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Europe: Where to start with .com se promotion?

     
12:24 pm on Jan 23, 2001 (gmt 0)

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So we have the majors from the US playing in Europe (alta, excite, lycos, yahoo and slowly google).

After that, what would your next 5 "english based sites not to miss" for submission of .com's? I'm looking for se's not directories.

I've tried to read here and sort it out. It is still not entirely clear who the real top players are after the majors.

1:33 pm on Jan 23, 2001 (gmt 0)

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FAST - one of the best search engines to get into for European search engine traffic.

Four more? Can't think of anything big except for AOL Inktomi or Infoseek.

2:03 pm on Jan 23, 2001 (gmt 0)

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Try euroseek.com
it isn't realyy big but it's growing
[euroseek.com...]
Horasz
2:08 pm on Jan 23, 2001 (gmt 0)

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Good one Horasz, forgot about that one.

I've had some very good referrals from there at times, but not lately. It's been around for some time so I'm sure they have a large number of dedicated users.

5:07 pm on Jan 23, 2001 (gmt 0)

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I personally belive in fireball.de Fireball indexing all .com domains as well german ones. The german online population it's really big and they a searching a lot. I'm getting quite weel traffice volume from fireball.de even i didn't optimazed for it. I think the german topic could give some more information, but i think with a .com domain you need to be in fireball.de
(i have a .com domain, so i'm know...:)

Horasz

8:13 pm on Jan 23, 2001 (gmt 0)

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Fireball only indexes pages with german content!

For Germany you may not forget Infoseek.de, the former german subsidiary company of go.com;-)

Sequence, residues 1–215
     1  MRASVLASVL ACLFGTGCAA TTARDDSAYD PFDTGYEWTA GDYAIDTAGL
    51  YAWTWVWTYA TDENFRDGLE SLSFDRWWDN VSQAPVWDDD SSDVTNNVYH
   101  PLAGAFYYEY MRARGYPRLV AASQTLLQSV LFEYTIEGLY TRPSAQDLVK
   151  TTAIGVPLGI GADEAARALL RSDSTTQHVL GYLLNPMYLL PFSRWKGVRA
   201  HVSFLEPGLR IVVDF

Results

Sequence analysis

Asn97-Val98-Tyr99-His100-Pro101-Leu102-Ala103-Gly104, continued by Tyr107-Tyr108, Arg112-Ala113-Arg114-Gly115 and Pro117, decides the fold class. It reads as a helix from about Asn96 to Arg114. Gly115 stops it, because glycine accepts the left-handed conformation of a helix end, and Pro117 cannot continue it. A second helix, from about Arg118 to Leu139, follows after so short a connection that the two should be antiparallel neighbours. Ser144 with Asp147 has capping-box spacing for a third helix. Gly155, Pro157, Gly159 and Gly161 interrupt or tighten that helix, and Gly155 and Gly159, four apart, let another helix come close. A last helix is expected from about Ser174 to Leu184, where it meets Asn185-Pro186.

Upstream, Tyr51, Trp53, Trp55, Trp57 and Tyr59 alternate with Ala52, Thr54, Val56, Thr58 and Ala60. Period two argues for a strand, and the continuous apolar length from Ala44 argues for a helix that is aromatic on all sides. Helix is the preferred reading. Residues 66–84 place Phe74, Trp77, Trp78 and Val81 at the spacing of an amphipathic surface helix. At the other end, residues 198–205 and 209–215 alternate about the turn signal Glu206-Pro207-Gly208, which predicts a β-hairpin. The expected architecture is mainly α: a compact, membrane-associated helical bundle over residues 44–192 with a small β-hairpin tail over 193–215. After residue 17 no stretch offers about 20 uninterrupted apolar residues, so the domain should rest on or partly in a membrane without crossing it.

(BTW - in Europe are almost 100 mio people who speak german)

6:36 pm on Jan 24, 2001 (gmt 0)

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Brett:

The US majors are wannabes in most countries here, not top players like in the US. As summarized in the post "EUROPE: The search engines you cannot do without #1 [webmasterworld.com] each country is dominated by one or two local players. Three at the most. These are the ones you cannot do without.

Generally speaking, most of them will accept a dot-com site if it is in the local language. But there are many exceptions to this rule. Some of these can be found in the discussion threads for each country. For others, we are still awaiting local experts to arrive in this forum to help us out.

I am not sure what you mean by "english based sites not to miss". Are you referring to engines that offer a choice between local language and English for the interface and add URL pages? That doesn't seem to me to be a good way to select engines for a European strategy.

These are early days yet, but I can tell you with a high degree of certainity that 5 "english based search engines" plus the 5 US majors is not going to get you very far in Europe. In several countries - like Denmark - the totally dominating player is still a directory (Jubii). The European scene is far too complex for a convenient short list, much as though we would all like to see one.

Sorry if I ruined your day. Ask again in a year, when there has been a shakedown among the European search engines. I'll bet you a beer that Fast and Google will be really important then, because local engines will be licensing their technology and using their huge indexes. The reason: The web is growing a lot faster in Europe than in the US. Keeping up with the growth will call for top modern cost effective technology, since the hardware investments can otherwise not be paid off. The stuff that many of the locals have now won't cut the mustard in a year, so to speak. The best providers are probably Fast and Google.